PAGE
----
definitions that this respects rational equivalence.
Example 9.1.11. Let X be a scheme, and let U ? X be an open subset with inclusion
morphism i : U ? X. Then there are canonical pull-back maps i? : Ak (X) ? Ak (U) for
any k, given by [Z] 7? [Z ? U] for any k-dimensional subvariety Z ? X. This respects
rational equivalence as i? div(?) = div(?|U ) for any rational function ? on a subvariety of
X.
Remark 9.1.12. If f : X ? Y is any morphism of schemes it is an important part of intersection theory to study whether there are push-forward maps f? : A? (X) ? A? (Y ) or
pull-back maps f ? : A? (Y ) ? A? (X) and which properties they have. We have just seen
two easy examples of this. Note that neither example can be reversed (at least not in an
obvious way):
(i) if Y ? X is a closed subset, then a subvariety of X is in general not a subvariety of
Y , so there is no pull-back morphism A? (X) ? A? (Y ) sending [V ] to [V ] for any
subvariety V ? X.
(ii) if U ? X is an open subset, there are no push-forward maps A? (U) ? A? (X): if
U = A1 and X = P1 then the class of a point is zero in A? (U) but non-zero in
A? (P1 ) by examples 9.1.8 and 9.1.9.
We will construct more general examples of push-forward maps in section 9.2, and more
general examples of pull-back maps in proposition 9.1.14.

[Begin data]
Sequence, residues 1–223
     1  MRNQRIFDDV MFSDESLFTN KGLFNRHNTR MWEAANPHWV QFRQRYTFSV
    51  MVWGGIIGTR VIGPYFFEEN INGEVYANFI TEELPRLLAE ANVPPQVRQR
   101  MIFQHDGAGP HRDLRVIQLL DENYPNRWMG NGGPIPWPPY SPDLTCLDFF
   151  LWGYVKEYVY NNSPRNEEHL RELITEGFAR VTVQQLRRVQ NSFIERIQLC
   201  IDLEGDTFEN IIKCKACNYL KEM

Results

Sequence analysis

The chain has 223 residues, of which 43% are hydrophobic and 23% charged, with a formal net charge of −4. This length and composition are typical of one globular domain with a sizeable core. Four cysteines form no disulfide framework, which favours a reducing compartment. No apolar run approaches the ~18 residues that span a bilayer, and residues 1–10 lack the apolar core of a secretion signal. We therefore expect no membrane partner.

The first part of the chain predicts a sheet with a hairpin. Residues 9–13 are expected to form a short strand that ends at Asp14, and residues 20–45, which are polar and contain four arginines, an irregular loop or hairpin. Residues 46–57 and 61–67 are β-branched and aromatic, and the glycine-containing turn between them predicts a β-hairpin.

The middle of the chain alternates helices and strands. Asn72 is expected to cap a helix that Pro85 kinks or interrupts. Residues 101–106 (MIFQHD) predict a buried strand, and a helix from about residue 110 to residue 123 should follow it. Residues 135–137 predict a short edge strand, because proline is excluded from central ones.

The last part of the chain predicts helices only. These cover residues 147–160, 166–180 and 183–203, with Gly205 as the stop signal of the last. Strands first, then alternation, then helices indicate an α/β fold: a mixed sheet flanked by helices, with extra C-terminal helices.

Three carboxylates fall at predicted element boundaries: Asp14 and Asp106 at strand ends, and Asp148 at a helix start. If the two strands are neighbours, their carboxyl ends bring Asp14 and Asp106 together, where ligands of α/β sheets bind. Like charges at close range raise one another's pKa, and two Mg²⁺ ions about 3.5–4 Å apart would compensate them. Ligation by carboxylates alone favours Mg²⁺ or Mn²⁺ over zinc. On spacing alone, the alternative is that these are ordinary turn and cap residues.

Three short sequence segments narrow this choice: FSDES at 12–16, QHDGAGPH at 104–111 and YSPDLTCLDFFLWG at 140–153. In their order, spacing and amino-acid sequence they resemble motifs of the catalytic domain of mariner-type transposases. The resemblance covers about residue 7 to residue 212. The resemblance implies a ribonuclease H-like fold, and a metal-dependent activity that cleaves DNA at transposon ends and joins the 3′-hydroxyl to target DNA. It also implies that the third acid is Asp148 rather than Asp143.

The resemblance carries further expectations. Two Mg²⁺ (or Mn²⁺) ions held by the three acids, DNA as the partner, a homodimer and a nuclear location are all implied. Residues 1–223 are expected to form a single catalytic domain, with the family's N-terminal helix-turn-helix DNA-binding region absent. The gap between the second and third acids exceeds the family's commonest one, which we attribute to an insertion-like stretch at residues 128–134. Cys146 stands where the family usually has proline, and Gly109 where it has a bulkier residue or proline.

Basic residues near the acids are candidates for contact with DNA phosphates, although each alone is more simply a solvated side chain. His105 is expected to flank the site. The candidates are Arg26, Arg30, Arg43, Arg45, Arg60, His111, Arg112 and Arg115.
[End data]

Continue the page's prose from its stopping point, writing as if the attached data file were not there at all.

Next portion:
9.
Intersection theory
169
Lemma 9.1.13. Let X be a scheme, let Y ? X be a closed subset, and let U = X\Y . Denote
the inclusion maps by i : Y ? X and j : U ? X. Then the sequence
j?
i
?
Ak (Y ) ?
Ak (X) ? Ak (U) ? 0
is exact for all k ? 0. The homomorphism i? is in general not injective however.
Proof. This follows more or less from the definitions. If Z ? U is any k-dimensional
subvariety then the closure Z? of Z in X is a k-dimensional subvariety of X with j? [Z?] = [Z].
So j? is surjective.
If Z ? Y then Z ? U = 0, so j? ? i? = 0. Conversely, assume that we have a cycle
? ar [Vr ] ? Ak (X) whose image in Ak (U) is zero. This means that there are rational functions
?s on (k + 1)-dimensional subvarieties Ws of U such that ? div(?s ) = ? ar [Vr ? U] on U.
Now the ?s are also rational functions on the closures of Ws in X, and as such their divisors
can only differ from the old ones by subvarieties Vr0 that are contained in X\U = Y . We
conclude that ? div(?s ) = ? ar [Vr ] ? ? br [Vr0 ] on X for some br . So ? ar [Vr ] = i? ? br [Vr0 ].
As an example that i? is in general not injective let Y be a smooth cubic curve in X = P2 .
If P and Q are two distinct points on Y then [P] ? [Q] 6= 0 ? A0 (Y ) = Pic X by proposition
6.3.13, but [P] ? [Q] = 0 ? A0 (X) ?
= Z by example 9.1.9.